Shifting the paradigm and changing the story breeds innovation and diversity.  When we accept the status quo we resign to mediocrity. However, when we are engaged and start questioning the current systems and models we start to explore new opportunities. By questioning the capacity of current systems and understanding their vulnerabilities we establish new opportunities and innovations to drive future long-term strategy. Through learning, exploration and development of new and innovative ways of doing things resilience can be fostered and developed.

7. Synergies and Solutions

By examining the relationships and connections between the components that comprise a system, we can establish a broader understanding of what makes a system complete. By identifying dynamics of how variables interact with other components of the system we can develop synergies and solutions that suit organisations and/or regions. Taking a holistic perspective enables us to make socially, environmentally and economically rigorous decisions over the short, medium and long term.

8. More Efficient Allocation of Resources 

Building resilience helps reduce redundancy.  By anticipating existential threats and potential risks we can identify potential opportunities. This enables us the time and space to redeploy resources and allocate capital, time and effort into appropriate projects and investments. Underutilised resources and assets can be reconfigured to maximise efficiency while inefficient and stranded assets can be either decommissioned or sold to reduce cost pressures. 

9. Better Environmental Outcomes

Our economy and way of life is a sub-set of the natural world. Our communities are completely reliant on the surrounding environment for their continued survival. It is far better to understand our connection, reliance and dependence upon the natural world than to disregard the warning signals nature gives when stressed. A resilient mindset and community manages ‘externalities’ and accounts for potential impacts which may affect ecosystems. Building resilient communities helps foster and deliver healthy environmental outcomes by working with, and integrating with natural systems. Increased biodiversity, better use of water, regenerative farming practices, and reduced erosion and carbon emissions help build ecosystems which thrive.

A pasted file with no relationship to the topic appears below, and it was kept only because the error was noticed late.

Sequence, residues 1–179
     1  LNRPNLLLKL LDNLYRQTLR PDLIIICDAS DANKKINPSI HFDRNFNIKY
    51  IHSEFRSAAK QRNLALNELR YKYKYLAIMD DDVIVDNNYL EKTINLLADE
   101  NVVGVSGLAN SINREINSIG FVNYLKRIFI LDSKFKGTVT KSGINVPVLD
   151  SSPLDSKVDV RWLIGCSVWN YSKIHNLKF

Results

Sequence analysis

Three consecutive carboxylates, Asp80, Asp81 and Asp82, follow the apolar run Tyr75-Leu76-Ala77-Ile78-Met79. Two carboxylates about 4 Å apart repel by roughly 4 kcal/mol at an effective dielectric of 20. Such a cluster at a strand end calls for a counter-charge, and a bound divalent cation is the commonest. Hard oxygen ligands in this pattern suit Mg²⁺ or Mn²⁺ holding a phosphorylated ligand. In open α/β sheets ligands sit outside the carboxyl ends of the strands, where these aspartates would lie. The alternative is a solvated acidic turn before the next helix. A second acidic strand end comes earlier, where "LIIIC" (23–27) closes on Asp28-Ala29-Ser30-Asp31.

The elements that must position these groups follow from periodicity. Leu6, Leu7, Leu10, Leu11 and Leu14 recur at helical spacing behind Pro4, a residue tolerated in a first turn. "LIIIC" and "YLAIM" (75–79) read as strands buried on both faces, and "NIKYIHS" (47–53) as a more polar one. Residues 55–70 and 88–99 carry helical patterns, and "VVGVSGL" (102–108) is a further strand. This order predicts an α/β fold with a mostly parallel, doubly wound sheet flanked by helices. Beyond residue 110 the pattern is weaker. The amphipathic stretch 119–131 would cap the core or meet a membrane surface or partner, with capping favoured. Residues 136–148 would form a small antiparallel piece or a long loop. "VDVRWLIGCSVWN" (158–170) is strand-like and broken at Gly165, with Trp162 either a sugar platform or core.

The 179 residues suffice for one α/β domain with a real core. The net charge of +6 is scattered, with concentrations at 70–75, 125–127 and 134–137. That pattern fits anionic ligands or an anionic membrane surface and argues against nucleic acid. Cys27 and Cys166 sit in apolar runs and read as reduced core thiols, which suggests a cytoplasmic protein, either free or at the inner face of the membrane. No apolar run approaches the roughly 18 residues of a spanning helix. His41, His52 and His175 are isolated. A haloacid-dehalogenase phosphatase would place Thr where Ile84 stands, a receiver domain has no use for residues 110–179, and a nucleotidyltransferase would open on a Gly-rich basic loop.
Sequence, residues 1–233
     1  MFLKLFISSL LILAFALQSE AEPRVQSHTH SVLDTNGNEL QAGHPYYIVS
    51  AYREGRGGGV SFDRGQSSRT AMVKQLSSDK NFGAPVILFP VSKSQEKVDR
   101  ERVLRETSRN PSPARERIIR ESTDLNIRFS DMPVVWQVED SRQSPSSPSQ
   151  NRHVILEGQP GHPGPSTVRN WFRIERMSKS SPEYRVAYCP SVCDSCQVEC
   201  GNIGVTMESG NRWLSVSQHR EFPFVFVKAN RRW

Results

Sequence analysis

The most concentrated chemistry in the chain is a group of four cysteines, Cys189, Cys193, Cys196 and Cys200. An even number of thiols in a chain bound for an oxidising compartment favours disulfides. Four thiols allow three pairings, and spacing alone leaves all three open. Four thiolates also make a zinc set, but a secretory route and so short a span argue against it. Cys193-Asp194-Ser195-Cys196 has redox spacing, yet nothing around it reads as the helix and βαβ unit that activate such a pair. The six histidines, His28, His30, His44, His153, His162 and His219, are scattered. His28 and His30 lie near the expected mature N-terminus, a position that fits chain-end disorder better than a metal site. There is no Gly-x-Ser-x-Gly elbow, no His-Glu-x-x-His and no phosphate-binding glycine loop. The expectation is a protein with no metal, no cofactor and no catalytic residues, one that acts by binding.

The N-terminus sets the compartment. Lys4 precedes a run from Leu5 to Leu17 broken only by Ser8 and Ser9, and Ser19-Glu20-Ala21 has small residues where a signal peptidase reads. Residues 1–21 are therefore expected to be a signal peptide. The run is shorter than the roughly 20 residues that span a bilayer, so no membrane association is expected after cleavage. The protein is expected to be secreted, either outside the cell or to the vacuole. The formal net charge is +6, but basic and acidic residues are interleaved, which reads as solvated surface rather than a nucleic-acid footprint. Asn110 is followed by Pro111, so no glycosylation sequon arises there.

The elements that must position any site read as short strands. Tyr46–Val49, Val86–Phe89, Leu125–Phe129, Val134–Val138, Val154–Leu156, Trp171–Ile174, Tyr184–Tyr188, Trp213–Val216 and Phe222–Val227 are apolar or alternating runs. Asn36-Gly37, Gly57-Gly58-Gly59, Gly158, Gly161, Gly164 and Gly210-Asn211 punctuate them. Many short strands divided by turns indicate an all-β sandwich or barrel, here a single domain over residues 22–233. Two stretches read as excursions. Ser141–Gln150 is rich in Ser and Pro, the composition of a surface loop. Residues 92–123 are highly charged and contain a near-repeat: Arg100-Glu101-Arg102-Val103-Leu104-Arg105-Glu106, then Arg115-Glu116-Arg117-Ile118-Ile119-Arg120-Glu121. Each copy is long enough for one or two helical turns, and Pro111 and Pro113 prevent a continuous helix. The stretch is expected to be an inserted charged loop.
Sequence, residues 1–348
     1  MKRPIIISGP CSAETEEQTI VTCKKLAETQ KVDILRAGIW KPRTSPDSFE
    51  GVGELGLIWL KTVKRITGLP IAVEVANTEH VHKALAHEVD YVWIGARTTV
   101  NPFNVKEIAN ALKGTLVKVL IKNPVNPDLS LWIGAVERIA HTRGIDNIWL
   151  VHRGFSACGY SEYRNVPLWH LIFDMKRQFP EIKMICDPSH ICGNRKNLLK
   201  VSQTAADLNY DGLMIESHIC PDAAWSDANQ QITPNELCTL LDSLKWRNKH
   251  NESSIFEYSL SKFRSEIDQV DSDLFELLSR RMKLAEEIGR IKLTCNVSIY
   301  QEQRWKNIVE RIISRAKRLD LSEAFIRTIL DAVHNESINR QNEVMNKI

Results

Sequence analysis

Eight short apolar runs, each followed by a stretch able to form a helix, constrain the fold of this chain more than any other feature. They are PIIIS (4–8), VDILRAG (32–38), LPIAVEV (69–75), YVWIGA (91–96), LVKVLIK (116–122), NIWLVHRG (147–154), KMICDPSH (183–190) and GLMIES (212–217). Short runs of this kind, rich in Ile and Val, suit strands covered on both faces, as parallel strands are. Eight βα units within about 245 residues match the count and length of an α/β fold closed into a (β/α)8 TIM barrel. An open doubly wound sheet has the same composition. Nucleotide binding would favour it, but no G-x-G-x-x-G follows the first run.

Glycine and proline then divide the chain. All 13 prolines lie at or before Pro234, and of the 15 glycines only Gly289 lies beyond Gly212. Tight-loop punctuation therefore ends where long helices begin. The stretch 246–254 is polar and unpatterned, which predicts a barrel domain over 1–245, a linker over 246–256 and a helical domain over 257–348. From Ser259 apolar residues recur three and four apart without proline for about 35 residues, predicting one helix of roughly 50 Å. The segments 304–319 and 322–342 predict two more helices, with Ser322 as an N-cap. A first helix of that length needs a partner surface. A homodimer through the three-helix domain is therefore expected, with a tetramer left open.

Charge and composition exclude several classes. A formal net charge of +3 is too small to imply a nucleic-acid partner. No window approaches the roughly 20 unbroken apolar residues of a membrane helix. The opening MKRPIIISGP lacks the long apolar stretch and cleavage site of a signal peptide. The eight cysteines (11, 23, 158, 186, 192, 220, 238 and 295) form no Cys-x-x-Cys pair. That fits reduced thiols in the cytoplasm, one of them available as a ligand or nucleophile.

10. Increased Community Engagement 

Building resilience helps foster increased community engagement. Converging economic, environmental and social challenges are increasingly evident today. By engaging a cross section of community we can develop valuable links, networks and synergies. These networks will ultimately build a robust framework for handling shocks, disasters and potential challenges. The knowledge base of every community is diverse; hence it is crucial for these relationships to be developed and nurtured. It is only when community members take ownership and responsibility for their future can real change and progress be made.

Want to position your business, community or organisation as a leader and build resilient and regenerative pathways?